Bettie Luke ‘59 embraces Vivian Lee ‘55, two friends of over 25 years who met through the UW Multicultural Alumni Partnership, which Lee co-founded with Larry Matsuda — another Garfield Alum. Photo by Carmen Hom

It was a purple and Bulldog tidal wave at the Garfield Centennial Celebration

The energy was boisterous as alumni, grandparents, family, children, and students gathered at Garfield High School to celebrate its 100th year anniversary on Saturday August 27, 2022. There was an air of nostalgia and novelty, as old friends reconnected at decade reunions while new friends introduced each other and their connection to Garfield. One person who came to do both was Vivian Lee ‘55.

She was dressed in a purple monochromatic outfit: from her matching blouse and trousers, to her earrings and her shoes – every detail was a subtle nod of pride for her alma mater. She chose an uncrowded table to sit at, with a few unfamiliar faces, and eased herself into the conversation by confidently introducing herself.

On the front steps of Garfield is where Vivian Lee ’55 used to sit quietly to study and eat lunch. She started her Garfield years shyly, having just moved to the US from Tokyo. Today, she stands on these same steps, proud of her accomplishments as a holistic student leader who was involved in tap dance, honor society, the foreign relations committee, and many more. Photo by Carmen Hom

Soon, the table became full. Friends, old and new, laughed while stopping by to share their memories of high school. Lee shares why she attended the Centennial today. 

“I came back today because I’m from the class of ‘55 – we were a very close class that had many reunions. I honor Garfield because it seems like the one that remembered me.” 

She remembers the weariness of moving from high school to high school in the Seattle area. She was looking for a place to call home — when Garfield became one. Garfield’s significance became even more profound, a symbol uniting her to her late husband, Owen Griffin Lee. Although their timelines were different, it was strictly a coincidence that they both had a connection to Garfield, one as a student and one as an administrator. They met through family, and were married for 41 years.

Lee holds a draft of the memoir of her late husband, Owen Griffin Lee, who became Garfield High’s first Black Administrator in 1967. The next year, he became the first Black Vice Principal. “People forget about the history of educators and administrators,” she says, “they gave their lives to the students of Garfield.” Photo by Carmen Hom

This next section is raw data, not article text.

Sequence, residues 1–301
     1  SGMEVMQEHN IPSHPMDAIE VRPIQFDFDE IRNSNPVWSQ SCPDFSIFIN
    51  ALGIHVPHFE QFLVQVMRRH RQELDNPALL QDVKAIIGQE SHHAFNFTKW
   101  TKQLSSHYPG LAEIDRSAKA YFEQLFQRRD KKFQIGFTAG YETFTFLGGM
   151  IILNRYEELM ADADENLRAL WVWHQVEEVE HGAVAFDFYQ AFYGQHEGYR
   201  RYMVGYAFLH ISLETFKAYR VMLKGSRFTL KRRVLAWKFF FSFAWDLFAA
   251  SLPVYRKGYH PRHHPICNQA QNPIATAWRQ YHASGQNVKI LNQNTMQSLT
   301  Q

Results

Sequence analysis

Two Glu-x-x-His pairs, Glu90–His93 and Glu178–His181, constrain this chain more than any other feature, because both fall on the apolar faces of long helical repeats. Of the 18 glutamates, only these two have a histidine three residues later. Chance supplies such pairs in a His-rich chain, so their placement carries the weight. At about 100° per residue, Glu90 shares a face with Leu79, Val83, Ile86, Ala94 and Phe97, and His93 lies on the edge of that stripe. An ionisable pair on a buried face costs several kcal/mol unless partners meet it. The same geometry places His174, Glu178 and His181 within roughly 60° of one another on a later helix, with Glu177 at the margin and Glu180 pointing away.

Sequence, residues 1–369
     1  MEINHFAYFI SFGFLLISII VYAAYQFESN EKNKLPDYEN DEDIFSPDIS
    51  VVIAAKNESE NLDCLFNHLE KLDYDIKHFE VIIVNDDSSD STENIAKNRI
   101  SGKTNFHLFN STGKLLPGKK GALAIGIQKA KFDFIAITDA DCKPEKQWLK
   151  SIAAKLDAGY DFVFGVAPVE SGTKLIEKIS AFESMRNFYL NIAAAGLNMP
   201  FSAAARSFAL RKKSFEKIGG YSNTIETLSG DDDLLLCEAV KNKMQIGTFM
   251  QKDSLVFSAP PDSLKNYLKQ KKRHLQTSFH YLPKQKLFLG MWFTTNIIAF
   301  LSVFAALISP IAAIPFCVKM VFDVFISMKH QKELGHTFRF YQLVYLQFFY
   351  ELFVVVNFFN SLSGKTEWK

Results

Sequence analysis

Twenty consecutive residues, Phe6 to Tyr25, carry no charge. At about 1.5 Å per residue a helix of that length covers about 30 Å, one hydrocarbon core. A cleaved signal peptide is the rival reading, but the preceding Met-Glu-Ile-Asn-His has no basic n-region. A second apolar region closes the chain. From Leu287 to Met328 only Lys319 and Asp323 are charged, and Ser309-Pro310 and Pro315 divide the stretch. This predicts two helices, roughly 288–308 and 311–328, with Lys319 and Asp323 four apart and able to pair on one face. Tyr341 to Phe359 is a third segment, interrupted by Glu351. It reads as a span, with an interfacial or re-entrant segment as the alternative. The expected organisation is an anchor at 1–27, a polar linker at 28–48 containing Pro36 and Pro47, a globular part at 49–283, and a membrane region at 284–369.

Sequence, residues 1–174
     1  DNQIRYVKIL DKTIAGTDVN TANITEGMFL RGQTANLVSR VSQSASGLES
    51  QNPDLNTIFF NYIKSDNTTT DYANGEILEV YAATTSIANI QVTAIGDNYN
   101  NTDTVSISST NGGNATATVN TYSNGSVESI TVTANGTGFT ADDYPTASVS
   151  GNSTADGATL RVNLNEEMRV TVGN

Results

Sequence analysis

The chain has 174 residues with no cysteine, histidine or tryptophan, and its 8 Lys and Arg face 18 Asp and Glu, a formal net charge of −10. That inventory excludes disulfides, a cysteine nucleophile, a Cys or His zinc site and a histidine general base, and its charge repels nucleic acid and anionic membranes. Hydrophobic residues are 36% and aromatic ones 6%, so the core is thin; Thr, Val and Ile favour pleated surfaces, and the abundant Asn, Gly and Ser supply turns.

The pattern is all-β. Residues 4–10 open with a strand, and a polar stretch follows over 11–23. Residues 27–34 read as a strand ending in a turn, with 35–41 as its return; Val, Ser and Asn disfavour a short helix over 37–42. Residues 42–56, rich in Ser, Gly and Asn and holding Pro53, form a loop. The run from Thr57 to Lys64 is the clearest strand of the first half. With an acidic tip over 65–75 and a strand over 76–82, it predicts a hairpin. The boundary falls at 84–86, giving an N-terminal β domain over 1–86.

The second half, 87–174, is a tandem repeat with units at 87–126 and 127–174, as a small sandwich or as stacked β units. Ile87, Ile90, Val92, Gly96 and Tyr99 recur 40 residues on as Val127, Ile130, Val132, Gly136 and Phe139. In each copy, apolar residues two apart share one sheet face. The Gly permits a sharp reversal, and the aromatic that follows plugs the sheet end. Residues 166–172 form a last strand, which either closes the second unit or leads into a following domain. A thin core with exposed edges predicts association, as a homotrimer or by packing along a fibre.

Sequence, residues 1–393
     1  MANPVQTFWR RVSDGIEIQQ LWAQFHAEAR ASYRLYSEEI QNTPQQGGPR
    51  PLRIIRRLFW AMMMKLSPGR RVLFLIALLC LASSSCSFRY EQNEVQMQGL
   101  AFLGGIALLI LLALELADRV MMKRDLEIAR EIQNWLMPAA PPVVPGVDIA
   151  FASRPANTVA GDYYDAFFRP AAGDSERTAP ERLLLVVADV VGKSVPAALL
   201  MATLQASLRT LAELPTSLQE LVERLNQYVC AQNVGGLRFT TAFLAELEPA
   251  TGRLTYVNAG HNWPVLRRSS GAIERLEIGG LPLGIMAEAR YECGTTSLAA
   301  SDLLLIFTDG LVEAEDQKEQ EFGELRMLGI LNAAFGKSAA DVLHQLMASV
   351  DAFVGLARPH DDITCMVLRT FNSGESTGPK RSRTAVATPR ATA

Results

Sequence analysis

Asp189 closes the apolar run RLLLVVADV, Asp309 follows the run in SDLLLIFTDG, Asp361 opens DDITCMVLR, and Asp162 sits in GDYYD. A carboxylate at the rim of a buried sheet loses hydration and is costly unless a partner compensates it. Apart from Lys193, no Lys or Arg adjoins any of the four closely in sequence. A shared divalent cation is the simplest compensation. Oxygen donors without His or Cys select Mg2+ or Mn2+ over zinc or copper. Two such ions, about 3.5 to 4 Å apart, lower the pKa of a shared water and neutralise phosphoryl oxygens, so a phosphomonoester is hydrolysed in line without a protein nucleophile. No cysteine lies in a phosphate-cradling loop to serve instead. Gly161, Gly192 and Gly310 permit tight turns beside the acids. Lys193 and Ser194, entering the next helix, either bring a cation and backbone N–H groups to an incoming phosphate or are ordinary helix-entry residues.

Two classmates from the Class of 1958 stand in front of the steps of Garfield High. Pictured: Lynn Jaffe and Keiko Yanagihara. Photo by Carmen Hom
A little girl smiles and looks at the camera with her family in the back. Photo by Carmen Hom

The day’s crowd was intergenerational and diverse, a reflection of the rich history of the Central Area as a neighborhood once home to notable populations of Italian, Japanese, Jewish, and African American folks.

For Harald Hyllseth ‘15, the former 2014/15 ASG President, this history is inextricable from Garfield’s cultural imprint.  

“What this school means to the community is…like you see it here,” Hyllseth continues, “lots of young people, lots of elders. The school (before gentrification happened) was a cultural icon: MLK spoke here, Barack has spoken here. We have a lot of history of social activism, sports, and music. It’s a magnet school for a lot of different things — the culture is Garfield. So, Garfield is the culture.”

Bradley Kim ‘15, Tyler Bui ‘15, and Harald Hyllseth ‘15 laugh and reminisce their Garfield memories at a familiar hangout spot next to the baseball field. Photo by Carmen Hom

Noah Sheehan ‘16 decided to volunteer today to give back to a community that raised him. 

“Garfield is the center of the community; it’s not just a school. It’s the Central District. It’s where I grew up, and it’s been good to see everybody — even people I didn’t know from high school. We all have something invested here; we’re all neighbors.”

Noah Sheehan ‘16 smiles as he volunteers for the celebration by answering questions at one of the information booths. Photo by Carmen Hom

Although this community has spread out, and not everyone lives in the Central District anymore, this gathering was a reminder of the people who once comprised this neighborhood and the celebration of Garfield as a symbol of community, collaboration, and culture.

Seattle Mayor Bruce Harrell speaks at the celebration. Photo by Carmen Hom.
Photo by Carmen Hom.

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